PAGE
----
Lance Armstrong – Here’s my two cents

August 25, 2012


From the Cheap Seats

Lance Armstrong – Here’s my two cents


The subject of athletes being juiced or in common terms using performance-enhancing drugs is always a touchy subject and I have absolutely no compassion for athletes that have chosen to cross that line. Yet again we have another athlete in the news that has been stripped of his accomplishments because of these allegations.


Numerous baseball players have run their names through the news and its record and in front of congressional hearings about the subject but for some reason this Lance Armstrong incident bothers me more than others. As I understand it, Armstrong has never failed any sort of a test but the same could be said about Barry Bonds, yet I’m convinced bonds did steroids because Bonds went from a good ballplayer to a super ballplayer in a matter of years. To add to that his physical being changed drastically. There used to be a medium build baseball player and suddenly developed into this muscle-bound, rocket hitting, home run machine that broke all kinds of long-standing records.


Barry Bonds showed all the traits that he was juicing. An enlarged head and oversized shoulders are just a couple of the traits that follow people that juice. But I don’t want to argue about Bonds, the subject is Lance Armstrong.


Armstrong has been fighting these allegations for years and we all know his story about overcoming cancer. But what bothered me most was Armstrong’s decision to just not fight the allegations anymore from the USADA and the ICU.  The ICU, International Cycling Union, the day Armstrong made his decision comes out and states that Armstrong’s actions and decision is an admission of guilt.  This just doesn’t sit right with me, after years of fighting to the point that it’s affected his foundation and more importantly his family, Lance decided that he had just had enough. I think we can all relate on a large, well-funded machine decides to engage in individual that that individual can only take so much.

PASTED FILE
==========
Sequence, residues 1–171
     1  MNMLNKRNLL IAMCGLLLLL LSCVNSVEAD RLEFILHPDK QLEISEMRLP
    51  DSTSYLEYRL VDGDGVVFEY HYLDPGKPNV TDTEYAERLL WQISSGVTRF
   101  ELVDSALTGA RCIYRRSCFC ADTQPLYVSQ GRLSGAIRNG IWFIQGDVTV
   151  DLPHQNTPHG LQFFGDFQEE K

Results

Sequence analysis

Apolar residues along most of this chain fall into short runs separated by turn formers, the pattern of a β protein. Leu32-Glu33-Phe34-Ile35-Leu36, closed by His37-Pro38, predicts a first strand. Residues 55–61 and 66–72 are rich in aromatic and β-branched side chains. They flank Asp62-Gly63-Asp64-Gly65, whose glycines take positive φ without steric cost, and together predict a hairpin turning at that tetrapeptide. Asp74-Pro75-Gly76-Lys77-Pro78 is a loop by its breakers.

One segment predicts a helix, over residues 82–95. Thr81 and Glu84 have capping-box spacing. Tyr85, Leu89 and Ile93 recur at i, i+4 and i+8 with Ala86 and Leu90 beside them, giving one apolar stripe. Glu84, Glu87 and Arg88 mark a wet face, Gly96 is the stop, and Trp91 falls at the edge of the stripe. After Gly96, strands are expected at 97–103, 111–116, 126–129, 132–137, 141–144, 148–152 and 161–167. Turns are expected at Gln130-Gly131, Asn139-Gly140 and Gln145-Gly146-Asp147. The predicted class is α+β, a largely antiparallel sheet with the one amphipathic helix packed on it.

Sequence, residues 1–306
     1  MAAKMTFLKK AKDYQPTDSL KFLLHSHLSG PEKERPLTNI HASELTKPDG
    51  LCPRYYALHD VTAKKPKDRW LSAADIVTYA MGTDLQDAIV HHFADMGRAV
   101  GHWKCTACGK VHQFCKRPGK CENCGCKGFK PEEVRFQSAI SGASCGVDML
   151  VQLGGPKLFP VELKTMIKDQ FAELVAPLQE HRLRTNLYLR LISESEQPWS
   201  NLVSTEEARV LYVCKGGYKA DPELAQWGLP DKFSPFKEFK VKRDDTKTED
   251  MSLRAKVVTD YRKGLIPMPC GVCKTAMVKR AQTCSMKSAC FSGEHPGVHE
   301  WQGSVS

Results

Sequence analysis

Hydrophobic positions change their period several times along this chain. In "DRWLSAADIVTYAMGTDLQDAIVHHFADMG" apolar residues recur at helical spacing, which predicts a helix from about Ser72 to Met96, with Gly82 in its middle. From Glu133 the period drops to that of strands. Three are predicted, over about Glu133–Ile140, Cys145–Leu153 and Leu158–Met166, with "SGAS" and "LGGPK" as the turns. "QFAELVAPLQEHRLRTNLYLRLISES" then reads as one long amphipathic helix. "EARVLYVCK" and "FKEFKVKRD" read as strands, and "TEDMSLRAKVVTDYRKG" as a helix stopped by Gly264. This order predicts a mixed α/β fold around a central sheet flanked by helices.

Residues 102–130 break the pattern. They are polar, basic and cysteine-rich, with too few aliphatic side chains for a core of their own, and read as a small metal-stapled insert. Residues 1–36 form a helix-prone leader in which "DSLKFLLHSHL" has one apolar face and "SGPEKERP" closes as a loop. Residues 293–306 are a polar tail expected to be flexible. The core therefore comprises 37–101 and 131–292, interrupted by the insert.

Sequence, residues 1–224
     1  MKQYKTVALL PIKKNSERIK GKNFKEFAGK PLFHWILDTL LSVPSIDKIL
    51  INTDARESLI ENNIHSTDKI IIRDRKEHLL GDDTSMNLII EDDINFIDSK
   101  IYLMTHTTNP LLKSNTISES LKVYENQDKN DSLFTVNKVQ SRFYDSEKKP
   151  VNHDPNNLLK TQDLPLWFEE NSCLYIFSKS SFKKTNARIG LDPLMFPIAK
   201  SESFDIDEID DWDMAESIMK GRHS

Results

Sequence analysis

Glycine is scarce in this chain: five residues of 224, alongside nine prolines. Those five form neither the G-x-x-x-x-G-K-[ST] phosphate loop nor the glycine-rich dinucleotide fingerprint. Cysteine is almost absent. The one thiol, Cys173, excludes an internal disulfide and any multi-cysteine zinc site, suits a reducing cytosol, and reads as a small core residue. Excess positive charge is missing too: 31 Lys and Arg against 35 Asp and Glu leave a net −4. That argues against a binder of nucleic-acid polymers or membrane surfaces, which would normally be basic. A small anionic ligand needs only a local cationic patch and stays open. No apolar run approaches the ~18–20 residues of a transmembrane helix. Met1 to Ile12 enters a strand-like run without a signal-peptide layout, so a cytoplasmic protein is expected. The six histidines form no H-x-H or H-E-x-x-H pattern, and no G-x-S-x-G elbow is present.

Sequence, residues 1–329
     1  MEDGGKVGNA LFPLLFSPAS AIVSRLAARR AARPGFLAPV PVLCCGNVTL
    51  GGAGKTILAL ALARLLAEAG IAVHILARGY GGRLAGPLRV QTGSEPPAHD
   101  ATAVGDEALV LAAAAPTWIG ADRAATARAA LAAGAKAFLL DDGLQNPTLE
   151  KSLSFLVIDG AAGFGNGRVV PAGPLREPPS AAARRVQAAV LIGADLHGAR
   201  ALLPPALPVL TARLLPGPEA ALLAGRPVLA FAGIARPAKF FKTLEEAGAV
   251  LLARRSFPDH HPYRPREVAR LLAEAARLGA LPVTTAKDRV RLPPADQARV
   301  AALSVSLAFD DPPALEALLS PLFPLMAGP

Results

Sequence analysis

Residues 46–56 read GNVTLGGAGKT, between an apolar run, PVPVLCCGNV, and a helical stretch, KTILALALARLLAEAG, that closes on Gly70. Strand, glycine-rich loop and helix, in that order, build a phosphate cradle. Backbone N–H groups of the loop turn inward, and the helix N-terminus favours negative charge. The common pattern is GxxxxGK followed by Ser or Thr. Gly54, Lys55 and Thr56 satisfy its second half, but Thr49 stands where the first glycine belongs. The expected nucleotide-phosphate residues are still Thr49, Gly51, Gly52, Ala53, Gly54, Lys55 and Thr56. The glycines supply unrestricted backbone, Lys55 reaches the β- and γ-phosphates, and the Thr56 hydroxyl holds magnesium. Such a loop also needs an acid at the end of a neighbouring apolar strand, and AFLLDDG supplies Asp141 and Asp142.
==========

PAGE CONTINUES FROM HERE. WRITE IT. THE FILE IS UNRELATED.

I can’t help but think of an incident in my past as a young kid growing up in a Catholic school was brought into the principal’s office for something that I was accused of. In my case I was accused of leaving a sandwich on my chair in the lunchroom. The nun at the time, Sr. Teresa was your stereotypical Catholic nun who was just looking for the opportunity to crack some kid on the knuckles with a ruler. I was brought into her office and sat down where she proceeded to continuously ask me why I just didn’t throw the sandwich out, why did I leave it on my chair? After telling her that it wasn’t mine time and time again, her answer was “you’re going to sit here until you admit it”.  This went on for several hours in school had dismissed and everyone had gone home but meanwhile there I sat in her office with that cold wrinkled scowl looking at me waiting for my admission of guilt. Finally I decided to just say that it was mine so I could go home. She proceeded to lecture me about lying and then sent me home. When I got home late and parents asked why and I told him about my experience and my dad took it over from there. But the bottom line was I just wanted to go home in a new but that sandwich that was not mine, whether I admitted it was or not.